– Larry Harris, USC Marshall School of Business, former chief economist at SEC 2002-04
“HFT provides many clear benefits, such as more market liquidity and generally lower transaction costs for participants. Speed by itself is not bad. Regulators and the industry need to tackle more appropriately market manipulation, which may happen in low-frequency as well as high-frequency trading environments.”
– Dominique Cerutti, Former president and deputy chief executive of NYSE Euronext
February 19, 2017: High Frequency Trading: The Path Forward for Market Liquidity and Stability
McGuireWoods capital markets attorneys John Servidio and Bo Harvey discuss the benefits of high frequency trading in the securities and derivatives markets.
July 19, 2016: How a Small Group of Traders Improved Markets for All (Video)
MMI CEO Bill Harts gives a short history of how market intermediaries that use high frequency trading tools have made trading cheaper and more efficient for investors.
June 2016: The Economics of High-Frequency Trading: Taking Stock
Professor Albert J. Menkveld conducted a survey of the academic literature on HFT. He read 100+ manuscripts to identify the economic arguments for and against HFT. He concludes that electronic markets and HFTs arrived and coincidentally transaction costs declined for investors. This suggests the identiﬁed economic beneﬁts of HFTs outweigh their economic costs.
January 21, 2016: Op-Ed Why U.S. investors are better off today
Hal Scott, professor of international financial systems at Harvard Law School and director of the Committee on Capital Markets Regulation, writes that “U.S. investors are actually much better off in today’s high-speed automated marketplace.” He cites transaction costs for retail investors that have been cut in half since 2007 and mutual fund giant Vanguard estimates that “$10,000 invested in a mutual fund over 30 years would now yield a long-term investor $132,000 instead of $100,000.
June 2015: High-Frequency Trading around Large Institutional Orders
Professors Vincent Van Kervel and Albert J. Menkveld find that HFT provides liquidity for six hours to large buy side orders, to their benefit, and in doing so challenges the belief that HFT profits from quick “electronic front-running.” This prolonged period of HFT leaning reduces institutional trading costs by 39 percent and by extension all the individual investors they represent.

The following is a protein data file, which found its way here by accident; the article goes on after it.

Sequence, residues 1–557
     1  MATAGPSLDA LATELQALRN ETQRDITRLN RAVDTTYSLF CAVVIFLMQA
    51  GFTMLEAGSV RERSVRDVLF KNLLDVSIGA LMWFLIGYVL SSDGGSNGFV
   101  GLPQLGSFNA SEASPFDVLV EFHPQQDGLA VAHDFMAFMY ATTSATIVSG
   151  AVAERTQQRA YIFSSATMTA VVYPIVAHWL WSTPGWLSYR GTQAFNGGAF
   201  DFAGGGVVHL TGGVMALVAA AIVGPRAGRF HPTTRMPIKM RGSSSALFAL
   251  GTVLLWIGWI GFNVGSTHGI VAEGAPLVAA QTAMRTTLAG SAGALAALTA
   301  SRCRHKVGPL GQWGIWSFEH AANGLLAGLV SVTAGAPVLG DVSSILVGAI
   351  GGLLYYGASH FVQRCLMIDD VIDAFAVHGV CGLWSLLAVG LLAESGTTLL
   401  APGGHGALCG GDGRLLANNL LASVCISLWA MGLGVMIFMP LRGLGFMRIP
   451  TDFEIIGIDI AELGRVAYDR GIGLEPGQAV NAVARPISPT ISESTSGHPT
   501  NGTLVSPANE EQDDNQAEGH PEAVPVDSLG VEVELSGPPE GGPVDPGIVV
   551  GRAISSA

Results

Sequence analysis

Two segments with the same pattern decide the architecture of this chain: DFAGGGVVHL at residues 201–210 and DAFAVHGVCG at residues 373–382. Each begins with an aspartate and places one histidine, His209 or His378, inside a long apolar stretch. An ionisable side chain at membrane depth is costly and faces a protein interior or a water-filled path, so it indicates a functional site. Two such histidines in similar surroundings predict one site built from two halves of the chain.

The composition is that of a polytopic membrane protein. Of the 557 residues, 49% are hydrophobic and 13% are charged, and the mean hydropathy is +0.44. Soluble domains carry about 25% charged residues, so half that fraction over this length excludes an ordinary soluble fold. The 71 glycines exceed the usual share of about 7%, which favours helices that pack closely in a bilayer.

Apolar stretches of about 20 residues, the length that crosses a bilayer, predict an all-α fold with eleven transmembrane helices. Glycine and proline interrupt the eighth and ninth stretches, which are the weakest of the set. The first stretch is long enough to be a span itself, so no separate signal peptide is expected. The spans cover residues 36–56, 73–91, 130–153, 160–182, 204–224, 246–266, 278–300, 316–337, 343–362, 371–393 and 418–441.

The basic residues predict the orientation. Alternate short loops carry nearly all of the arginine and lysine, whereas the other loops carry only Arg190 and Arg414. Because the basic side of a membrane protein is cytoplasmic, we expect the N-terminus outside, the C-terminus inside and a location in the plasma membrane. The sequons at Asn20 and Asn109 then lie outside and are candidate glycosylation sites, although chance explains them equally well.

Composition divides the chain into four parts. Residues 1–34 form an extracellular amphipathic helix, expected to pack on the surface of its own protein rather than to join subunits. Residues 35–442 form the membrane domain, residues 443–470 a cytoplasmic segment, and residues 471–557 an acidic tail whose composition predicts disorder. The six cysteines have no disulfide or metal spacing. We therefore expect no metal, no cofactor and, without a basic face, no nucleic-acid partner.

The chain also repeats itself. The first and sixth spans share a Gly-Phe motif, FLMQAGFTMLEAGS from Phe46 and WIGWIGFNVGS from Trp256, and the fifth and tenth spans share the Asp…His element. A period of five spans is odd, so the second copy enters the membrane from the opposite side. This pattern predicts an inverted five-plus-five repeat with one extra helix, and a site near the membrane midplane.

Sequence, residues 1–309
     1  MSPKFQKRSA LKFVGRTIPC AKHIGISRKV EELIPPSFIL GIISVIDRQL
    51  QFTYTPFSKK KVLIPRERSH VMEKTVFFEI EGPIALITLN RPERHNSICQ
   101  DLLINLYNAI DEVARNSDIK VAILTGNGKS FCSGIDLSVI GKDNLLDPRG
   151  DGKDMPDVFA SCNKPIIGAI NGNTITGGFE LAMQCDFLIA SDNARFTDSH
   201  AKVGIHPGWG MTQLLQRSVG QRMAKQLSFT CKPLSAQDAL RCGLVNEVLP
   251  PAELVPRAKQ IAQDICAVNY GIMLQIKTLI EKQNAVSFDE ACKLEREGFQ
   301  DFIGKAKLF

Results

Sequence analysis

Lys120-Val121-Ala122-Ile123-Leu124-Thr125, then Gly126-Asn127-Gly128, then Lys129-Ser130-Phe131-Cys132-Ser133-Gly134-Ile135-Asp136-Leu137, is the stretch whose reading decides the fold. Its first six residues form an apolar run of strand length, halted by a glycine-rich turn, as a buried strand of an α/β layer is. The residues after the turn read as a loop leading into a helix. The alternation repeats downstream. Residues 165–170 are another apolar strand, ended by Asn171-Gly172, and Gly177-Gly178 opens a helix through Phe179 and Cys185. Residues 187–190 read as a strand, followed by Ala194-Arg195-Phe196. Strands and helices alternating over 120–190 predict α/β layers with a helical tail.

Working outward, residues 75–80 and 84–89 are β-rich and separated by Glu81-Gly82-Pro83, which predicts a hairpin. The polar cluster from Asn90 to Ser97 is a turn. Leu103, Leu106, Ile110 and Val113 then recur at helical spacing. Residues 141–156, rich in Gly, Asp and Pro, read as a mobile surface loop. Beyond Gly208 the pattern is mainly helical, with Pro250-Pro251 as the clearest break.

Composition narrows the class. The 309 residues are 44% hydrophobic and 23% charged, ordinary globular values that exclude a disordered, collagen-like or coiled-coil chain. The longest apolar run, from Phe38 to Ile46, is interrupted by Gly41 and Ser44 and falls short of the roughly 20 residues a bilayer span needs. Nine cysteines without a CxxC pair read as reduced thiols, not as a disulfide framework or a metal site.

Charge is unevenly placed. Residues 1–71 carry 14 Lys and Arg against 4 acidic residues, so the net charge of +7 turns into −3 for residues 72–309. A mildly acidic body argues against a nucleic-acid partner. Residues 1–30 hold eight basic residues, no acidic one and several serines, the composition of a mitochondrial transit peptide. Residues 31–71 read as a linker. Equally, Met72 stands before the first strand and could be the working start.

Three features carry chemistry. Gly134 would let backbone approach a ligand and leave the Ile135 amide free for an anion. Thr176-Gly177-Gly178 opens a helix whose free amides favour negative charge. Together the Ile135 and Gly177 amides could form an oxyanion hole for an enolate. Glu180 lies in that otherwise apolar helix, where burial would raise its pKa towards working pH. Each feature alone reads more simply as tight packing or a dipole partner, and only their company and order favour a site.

Dec. 1, 2014: SEC Division of Economic and Risk Analysis – Automated Liquidity Provision
The authors create a model showing how automated HFT liquidity providers set more efficient prices, increase informed and decrease uninformed traders’ transaction costs, and have no effect on volatility.
November 8, 2010: paper – Choking the Recovery
Harold S. Bradley, former head of trading for American Century Mutual Funds, co-authors a paper that finds, in 1988, the typical market maker netted about four cents in profit for every share traded. In contrast, the typical HFT today reportedly nets 7/100 of a cent or less for every share traded. In short, the HFTs are willing to work for 98 percent less than what the average market marker of yesteryear made.
June 2, 2010: Statement of George U. Sauter, Managing Director and Chief Investment Officer, The Vanguard Group at SEC Market Structure Roundtable
We think that much of the recent controversy surrounding “high frequency traders” and “dark pools” reflects a general lack of understanding of the benefits that such participants bring to the markets. Based on decades of experience, it is our belief that high frequency trading and dark pools contribute to a more efficient market that benefits all investors. Generally speaking, high frequency traders provide liquidity and “knit” together our increasingly fragmented marketplace resulting in tighter spreads that benefit all investors.
April 21, 2010: Vanguard Comment letter on SEC Concept Release on Equity Market Structure
“…we conservatively estimate that transaction costs have declined 50 bps, or 100 bps round trip. For example, if an average actively managed equity mutual fund with a 100% turnover ratio would currently provide an annual return of 9%, the same fund would have returned 8% per year without the reduction in transaction costs over the past decade. Today’s investor with a 30 year time horizon would see a $10,000 investment in such a fund grow to approximately $132,000 in 30 years, compared to approximately $100,000 with the hypothetical return of 8% associated with the higher transaction costs. Thus, any analysis of “high frequency trading” must recognize the corresponding benefits that long-term investors have experienced through tighter spreads and increased liquidity.
August 18, 2009: Paper – Algorithmic Trading and Information
Berkeley Professors Terrence Hendershott and Ryan Riordan examined three weeks of automated trading and identified that algorithmic trading “contributes more to the discovery of the efficient price than human trading. Contrary to conventional wisdom we find no evidence of AT behavior that would contribute to volatility beyond making prices more efficient.”
Larry Harris, former sec chief economist
Financial Times, December 27, 2012